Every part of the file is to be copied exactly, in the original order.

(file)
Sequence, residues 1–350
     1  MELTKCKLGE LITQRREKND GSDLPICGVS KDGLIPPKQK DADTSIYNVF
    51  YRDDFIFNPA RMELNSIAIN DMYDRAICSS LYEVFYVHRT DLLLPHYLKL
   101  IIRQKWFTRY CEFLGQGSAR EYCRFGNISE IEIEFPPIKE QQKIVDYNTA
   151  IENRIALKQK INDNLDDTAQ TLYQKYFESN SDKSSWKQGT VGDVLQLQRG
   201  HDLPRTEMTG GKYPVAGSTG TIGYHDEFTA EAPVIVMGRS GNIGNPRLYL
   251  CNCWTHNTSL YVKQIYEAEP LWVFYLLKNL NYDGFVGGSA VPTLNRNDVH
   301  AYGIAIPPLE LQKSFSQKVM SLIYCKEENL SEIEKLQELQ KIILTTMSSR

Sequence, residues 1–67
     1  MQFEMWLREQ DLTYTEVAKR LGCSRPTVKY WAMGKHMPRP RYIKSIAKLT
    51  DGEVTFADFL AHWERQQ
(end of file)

Sequence, residues 1–350
     1  MELTKCKLGE LITQRREKND GSDLPICGVS KDGLIPPKQK DADTSIYNVF
    51  YRDDFIFNPA RMELNSIAIN DMYDRAICSS LYEVFYVHRT DLLLPHYLKL
   101  IIRQKWFTRY CEFLGQGSAR EYCRFGNISE IEIEFPPIKE QQKIVDYNTA
   151  IENRIALKQK INDNLDDTAQ TLYQKYFESN SDKSSWKQGT VGDVLQLQRG
   201  HDLPRTEMTG GKYPVAGSTG TIGYHDEFTA EAPVIVMGRS GNIGNPRLYL
   251  CNCWTHNTSL YVKQIYEAEP LWVFYLLKNL NYDGFVGGSA VPTLNRNDVH
   301  AYGIAIPPLE LQKSFSQKVM SLIYCKEENL SEIEKLQELQ KIILTTMSSR

Sequence, residues 1–67
     1  MQFEMWLREQ DLTYTEVAKR LGCSRPTVKY WAMGKHMPRP RYIKSIAKLT
    51  DGEVTFADFL AHWERQQ